by John Crowley (William Morrow & Co., $24.95)
IF ONE career can exemplify the weirdness of literary life in America, John Crowley's can. Since the late 1970s, he has worked the shadowy terrain where mainstream fiction shades off into outright fantasy. He has won his share of heavyweight literary awards, and the critics have been fairly lavish with their praise (Harold Bloom is a great fan). But the critics have not had much success conveying the peculiar virtues of his quirky imagination and lapidary prose to their readers, and said readers—who anyway tend to prefer their fiction clearly labeled as to genre—have, for the most part, given his work the pass.
Apart from a loyal few, that is, for whom Crowley is almost as much a legend as his notorious namesake, the turn-of-the-century satanist-magician Aleister Crowley. And for some of the same reasons: Crowley the novelist writes about a world recognizably our own but existing in parallel with, and in intermittent contact with, another world governed by different rules than our own—a realm our ancestors would have referred to as faerie.
If that word makes you gag, you get a glimpse of what Crowley's up against in finding readers. Little, Big, his most successful book to date (if just managing to stay in print can be called success), is an ambitious, sprawling family saga about four generations occupying an architect's folly of a mansion in upstate New York. From the start of the novel, it's clear that something funny's going on. However, for a generation of fantasy fans raised on the more robust special effects of Dungeons & Dragons, Crowley's version of the supernatural can seem rather bloodless. And the more literal-minded fictioneer may balk at completing a family chronicle nearly as long as Buddenbrooks upon discovering that a mysteriously vanished collateral relative has turned into a carp.
For the most part, Crowley's books have sold poorly and gone rapidly out of print, but for those whose spot he hits, he's the next thing to an addiction. First editions of his early work sell for hundreds of dollars on Amazon.com and eBay, and 1,500-odd pages into a tetralogy (Ƨypt, Love and Sleep, D歯nomania) about late-medieval magicians and the Catskills in 1979, die-hard fans can't wait for the fourth and final installment.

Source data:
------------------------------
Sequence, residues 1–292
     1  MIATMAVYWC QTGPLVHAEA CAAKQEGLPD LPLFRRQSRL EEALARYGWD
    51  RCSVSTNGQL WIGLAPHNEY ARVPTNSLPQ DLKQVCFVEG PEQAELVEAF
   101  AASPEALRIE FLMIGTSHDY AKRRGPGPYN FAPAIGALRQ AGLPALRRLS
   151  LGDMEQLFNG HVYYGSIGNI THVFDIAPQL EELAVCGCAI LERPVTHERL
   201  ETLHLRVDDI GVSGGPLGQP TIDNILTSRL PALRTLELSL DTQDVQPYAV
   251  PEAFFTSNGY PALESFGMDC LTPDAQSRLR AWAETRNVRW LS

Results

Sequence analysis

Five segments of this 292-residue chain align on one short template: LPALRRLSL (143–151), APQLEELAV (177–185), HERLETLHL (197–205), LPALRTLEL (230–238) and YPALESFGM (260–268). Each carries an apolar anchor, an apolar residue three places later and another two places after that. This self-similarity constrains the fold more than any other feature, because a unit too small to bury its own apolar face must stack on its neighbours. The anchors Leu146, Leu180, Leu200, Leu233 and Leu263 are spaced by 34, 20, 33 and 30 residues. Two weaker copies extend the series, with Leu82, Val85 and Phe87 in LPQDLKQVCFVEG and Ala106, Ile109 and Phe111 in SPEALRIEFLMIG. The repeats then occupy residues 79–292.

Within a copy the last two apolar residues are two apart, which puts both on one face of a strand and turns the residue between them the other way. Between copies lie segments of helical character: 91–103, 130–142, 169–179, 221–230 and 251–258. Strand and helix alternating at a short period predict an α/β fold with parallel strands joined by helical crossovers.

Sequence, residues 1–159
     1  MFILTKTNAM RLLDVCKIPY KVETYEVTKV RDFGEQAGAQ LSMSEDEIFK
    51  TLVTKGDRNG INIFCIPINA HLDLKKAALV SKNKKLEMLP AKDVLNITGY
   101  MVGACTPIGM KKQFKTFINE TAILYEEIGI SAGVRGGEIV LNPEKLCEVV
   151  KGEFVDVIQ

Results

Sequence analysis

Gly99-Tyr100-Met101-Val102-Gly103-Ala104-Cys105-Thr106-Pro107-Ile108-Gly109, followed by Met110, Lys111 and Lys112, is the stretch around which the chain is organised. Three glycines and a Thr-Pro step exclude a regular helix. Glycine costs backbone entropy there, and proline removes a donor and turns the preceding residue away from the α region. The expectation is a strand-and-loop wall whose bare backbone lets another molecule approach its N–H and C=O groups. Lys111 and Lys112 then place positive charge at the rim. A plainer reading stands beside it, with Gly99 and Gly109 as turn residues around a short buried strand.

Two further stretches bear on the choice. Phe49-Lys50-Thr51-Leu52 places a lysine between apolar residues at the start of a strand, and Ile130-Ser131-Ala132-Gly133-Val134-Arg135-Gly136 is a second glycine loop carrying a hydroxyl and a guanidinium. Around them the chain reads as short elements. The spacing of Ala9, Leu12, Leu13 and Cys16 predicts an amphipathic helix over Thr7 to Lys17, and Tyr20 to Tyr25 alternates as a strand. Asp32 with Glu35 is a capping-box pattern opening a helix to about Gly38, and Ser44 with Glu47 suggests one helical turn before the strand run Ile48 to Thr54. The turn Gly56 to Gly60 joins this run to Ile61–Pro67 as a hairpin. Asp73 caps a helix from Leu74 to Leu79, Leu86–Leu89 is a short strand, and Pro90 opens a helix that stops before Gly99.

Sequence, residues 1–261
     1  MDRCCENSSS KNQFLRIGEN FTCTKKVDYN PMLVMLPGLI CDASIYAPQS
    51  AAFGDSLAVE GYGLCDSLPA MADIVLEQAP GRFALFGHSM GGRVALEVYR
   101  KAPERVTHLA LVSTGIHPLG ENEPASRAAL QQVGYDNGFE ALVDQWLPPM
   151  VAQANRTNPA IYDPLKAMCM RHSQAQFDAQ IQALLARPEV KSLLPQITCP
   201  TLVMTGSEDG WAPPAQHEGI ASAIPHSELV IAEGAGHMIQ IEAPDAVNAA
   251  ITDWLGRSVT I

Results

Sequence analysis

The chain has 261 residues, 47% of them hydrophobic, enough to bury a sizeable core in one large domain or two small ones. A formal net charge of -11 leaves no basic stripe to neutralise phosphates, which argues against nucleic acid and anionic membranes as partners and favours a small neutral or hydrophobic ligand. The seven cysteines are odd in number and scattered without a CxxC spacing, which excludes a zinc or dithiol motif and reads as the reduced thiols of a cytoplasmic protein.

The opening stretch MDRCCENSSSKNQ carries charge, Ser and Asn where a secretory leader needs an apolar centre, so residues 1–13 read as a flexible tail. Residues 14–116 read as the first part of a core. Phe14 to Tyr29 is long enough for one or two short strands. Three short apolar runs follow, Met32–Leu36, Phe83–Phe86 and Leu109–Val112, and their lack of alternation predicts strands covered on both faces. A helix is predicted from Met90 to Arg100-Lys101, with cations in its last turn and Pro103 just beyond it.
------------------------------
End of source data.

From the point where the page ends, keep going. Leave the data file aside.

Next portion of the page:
THEY'LL HAVE to, at least for a while. Crowley has gone—so at least his latest publisher devoutly hopes—mainstream. His new novel, The Translator, unfolds in the aggressively drab setting of an American prairie university during the missile crisis summer of 1962.
It recounts the experience of a young female student who becomes emotionally dependent upon and finally collaborates with her professor, a Russian poet famously exiled by Krushchev. And despite the pedestrian setting and real-world temporal background, The Translator is unequivocally romantic in tone. You can see why Morrow is betting the farm that it will be Crowley's breakout book: No one could read it without being reminded in passing of high-toned love stories like The English Patient and Snow Falling on Cedars.
The resemblance may be in more than the beholder's eye: In this book, Crowley seems to be actively trying to rein in his penchant for letting the arcane erupt into the ordinary. But for a reader familiar with his earlier work, The Translator displays his abiding fascination with finding hidden meaning in the patterns of coincidence. The reader discovers that young Christa Malone is not the only translator referred to by the novel's title, and that her translating the poems of exiled poet Innokenti Issayevich Falin from Russian to English is only part of another mysterious translation taking place, in which the crafting of poetic metaphor on a page can divert the course of history.
What will readers who loved Captain Corelli's Mandolin make of Crowley's attempt to follow fellow "magic realist" Louis de Berni貥s into best seller-dom? As one who has always enjoyed his elaborate yet sensuously specific way of writing, I can savor his application of the same creative engine to material so rigorously circumscribed and admire his courage at imagining himself this time out into the timid but clear-seeing soul of a 19-year-old Catholic female college freshman.
Will readers not attuned in advance to Crowley's shamanistic worldview find resonance here? I can't say. But Morrow clearly believes enough in the commercial potential of The Translator to reissue a number of his earlier works simultaneously: three early "science fiction" novellas—The Deep, Beasts, and Engine Summer—in an omnibus volume titled Otherwise and Little, Big. The latter is particularly welcome to me: I will no longer need to loan out my own dog-eared copy, nor will I have to resort to dire threats to get it back again.